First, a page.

Bitcoin price unexpectedly turned around to increase more than $ 2,100, while the top cryptourrencies also increased sharply

Despite the best efforts by bulls for what has been several weeks now, Bitcoin price can’t seem to get back above $60,000 and spend any meaningful time above it. Fundamentals are as bullish as it gets for the top cryptocurrency, but bearish technicals might have finally caused sellers to step in.


BTC/USD 4-hour chart | Source: TradingView

Bitcoin price bull run on the ropes as technicals face off against fundamentals

Bitcoin price has had its best year on record yet dollar for dollars and fundamentals, the stock-to-flow, and just about all other data suggests that the bull run isn’t near finished yet.

Technicals have been long overheated given the strength of the showing by bulls, leaving a large string of green monthly candles on the price chart without any serious corrective behavior. The once trending strong cryptocurrency has begun to slow, struggling specifically with anything around $60,000.

Indicators such as the logarithmic MACD are turning down on weekly timeframes for the first time since the bull phase began, and the quarterly candle just closed with the first-ever bearish divergence in history. Yet the top cryptocurrency hasn’t corrected anywhere near it has in the past.

At press time, Bitcoin unexpectedly turned around to increase more than $ 2,100, while the top cryptocurrencies also increased sharply, pushing the total market cap to $ 1,980 billion.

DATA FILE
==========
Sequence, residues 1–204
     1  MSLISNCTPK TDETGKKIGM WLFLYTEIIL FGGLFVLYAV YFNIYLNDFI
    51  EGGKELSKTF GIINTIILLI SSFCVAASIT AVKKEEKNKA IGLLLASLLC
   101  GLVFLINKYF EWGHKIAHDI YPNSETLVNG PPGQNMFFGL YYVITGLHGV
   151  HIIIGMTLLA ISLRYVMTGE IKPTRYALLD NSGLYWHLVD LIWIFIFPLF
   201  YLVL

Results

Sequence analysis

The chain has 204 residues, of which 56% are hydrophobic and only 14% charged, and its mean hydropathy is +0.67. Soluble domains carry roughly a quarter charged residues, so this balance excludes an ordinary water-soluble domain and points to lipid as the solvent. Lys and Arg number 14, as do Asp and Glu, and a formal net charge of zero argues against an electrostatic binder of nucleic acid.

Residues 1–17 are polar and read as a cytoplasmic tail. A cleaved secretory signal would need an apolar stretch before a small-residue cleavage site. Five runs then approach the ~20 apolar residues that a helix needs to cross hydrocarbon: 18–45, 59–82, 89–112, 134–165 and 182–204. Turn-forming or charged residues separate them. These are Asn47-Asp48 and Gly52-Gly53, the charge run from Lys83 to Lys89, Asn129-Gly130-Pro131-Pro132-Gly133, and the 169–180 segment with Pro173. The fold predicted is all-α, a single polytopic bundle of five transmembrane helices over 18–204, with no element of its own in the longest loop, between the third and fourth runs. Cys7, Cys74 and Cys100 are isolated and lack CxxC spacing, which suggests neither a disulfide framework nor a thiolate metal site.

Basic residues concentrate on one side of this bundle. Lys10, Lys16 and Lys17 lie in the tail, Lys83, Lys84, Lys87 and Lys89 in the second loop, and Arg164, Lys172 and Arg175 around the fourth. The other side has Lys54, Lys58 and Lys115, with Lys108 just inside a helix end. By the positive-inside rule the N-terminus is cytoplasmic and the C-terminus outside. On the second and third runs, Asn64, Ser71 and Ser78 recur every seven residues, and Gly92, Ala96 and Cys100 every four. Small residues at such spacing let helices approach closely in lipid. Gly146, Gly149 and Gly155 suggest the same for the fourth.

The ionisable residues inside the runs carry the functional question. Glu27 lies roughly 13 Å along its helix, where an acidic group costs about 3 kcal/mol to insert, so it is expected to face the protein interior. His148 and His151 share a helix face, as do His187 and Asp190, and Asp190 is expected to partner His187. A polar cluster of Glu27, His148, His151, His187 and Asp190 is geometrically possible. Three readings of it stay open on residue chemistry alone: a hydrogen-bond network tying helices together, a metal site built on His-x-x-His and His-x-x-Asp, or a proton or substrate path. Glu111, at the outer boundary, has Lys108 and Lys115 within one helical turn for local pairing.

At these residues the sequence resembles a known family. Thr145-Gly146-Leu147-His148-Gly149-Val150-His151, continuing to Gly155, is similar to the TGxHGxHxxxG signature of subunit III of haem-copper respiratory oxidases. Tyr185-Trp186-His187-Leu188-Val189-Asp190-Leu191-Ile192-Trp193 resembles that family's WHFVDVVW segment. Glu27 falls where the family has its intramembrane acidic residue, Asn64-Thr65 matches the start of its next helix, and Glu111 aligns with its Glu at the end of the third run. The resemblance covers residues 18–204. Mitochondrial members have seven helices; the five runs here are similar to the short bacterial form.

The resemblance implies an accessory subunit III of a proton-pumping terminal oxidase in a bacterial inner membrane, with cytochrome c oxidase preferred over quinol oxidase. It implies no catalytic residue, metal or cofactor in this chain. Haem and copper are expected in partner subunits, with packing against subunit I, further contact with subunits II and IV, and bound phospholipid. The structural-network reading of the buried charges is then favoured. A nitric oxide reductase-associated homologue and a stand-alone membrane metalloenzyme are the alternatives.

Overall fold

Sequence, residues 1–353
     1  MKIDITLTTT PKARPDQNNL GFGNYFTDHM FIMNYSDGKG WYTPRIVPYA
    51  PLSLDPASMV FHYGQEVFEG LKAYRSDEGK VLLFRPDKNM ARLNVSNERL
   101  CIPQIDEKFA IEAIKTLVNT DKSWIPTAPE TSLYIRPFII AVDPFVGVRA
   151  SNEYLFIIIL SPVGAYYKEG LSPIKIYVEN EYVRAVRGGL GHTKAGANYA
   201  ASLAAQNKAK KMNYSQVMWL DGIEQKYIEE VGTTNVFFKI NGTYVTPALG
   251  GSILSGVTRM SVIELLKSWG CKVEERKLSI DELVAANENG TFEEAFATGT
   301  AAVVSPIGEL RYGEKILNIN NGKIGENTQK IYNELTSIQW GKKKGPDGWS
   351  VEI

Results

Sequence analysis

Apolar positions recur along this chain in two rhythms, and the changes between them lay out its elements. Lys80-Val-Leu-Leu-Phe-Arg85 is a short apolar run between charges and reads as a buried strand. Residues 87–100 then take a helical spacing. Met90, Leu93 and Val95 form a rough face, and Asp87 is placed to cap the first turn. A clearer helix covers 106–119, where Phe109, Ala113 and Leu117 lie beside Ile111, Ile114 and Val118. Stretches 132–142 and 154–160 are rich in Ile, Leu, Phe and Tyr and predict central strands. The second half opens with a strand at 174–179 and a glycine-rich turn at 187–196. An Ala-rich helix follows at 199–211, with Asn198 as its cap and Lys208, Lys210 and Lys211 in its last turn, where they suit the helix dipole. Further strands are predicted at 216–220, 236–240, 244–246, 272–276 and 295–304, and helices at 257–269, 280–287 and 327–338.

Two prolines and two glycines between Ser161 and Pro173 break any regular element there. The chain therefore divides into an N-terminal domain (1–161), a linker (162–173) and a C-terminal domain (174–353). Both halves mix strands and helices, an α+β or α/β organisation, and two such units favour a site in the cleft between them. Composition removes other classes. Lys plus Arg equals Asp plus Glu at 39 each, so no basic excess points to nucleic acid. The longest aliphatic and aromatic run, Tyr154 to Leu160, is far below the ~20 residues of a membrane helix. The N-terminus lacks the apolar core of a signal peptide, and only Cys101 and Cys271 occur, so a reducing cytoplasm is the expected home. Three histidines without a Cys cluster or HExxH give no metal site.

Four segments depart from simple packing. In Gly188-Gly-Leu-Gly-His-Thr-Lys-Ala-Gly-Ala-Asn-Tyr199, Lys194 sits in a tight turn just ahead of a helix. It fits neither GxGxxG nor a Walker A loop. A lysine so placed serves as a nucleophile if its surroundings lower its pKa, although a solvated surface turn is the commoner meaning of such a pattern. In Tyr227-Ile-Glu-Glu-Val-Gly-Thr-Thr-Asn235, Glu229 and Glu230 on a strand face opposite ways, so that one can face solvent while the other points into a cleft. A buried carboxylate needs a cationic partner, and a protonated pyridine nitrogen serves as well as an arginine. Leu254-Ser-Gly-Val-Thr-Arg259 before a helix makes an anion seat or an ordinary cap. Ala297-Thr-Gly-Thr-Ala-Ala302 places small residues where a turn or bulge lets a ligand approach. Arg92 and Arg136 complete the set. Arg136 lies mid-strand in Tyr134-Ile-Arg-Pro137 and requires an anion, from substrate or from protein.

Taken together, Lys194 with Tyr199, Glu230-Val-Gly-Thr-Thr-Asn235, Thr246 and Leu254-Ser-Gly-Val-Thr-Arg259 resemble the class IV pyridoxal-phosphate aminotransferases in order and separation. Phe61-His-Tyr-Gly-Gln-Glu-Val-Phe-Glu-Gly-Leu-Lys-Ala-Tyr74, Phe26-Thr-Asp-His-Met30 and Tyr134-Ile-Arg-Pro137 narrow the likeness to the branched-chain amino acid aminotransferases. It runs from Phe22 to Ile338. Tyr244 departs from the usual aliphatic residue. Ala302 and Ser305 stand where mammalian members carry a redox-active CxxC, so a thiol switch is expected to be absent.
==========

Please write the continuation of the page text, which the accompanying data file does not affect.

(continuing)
Over the previous 24 hours, Bitcoin’s price traded as low as $ 55,758 billion and as high as $ 58,231 billion. Trading volume reached 53 billion USD, capitalization increased sharply to 1,088 billion USD.

Many other cryptocurrencies also climbed following Bitcoin such as Ethereum up 4.7% to $ 2,094, Binance Coin up 9% to $ 418, XRP up 10.9% to $ 1.05, Cardano up 2.5% to $ 1.22. , Polkadot increased 3.6% to $ 41.7… As a result, the total market capitalization reached 1,980 billion USD, up 4.2%.

Bitcoin’s price has risen sharply since the beginning of the year, thanks to increasing interest in the cryptocurrency market by businesses and financial institutions. Many other large investment institutions also announced that they are considering investing and accepting the currency as a form of payment. Private bank Donner & Reuschel of Germany announced it will provide crypto buying and depository services to its customers.

JP Morgan Bank predicts that Bitcoin can reach a theoretical level in the long term of $ 146,000 when it starts to compete with gold.

According to Citibank analysts, the digital currency price could reach $ 318,000 by the end of this year. Strategist Mike McGlone suggests that Bitcoin could be traded for over $ 400,000 by 2022 if the market follows previous trends, which we have seen throughout 2013 and 2017.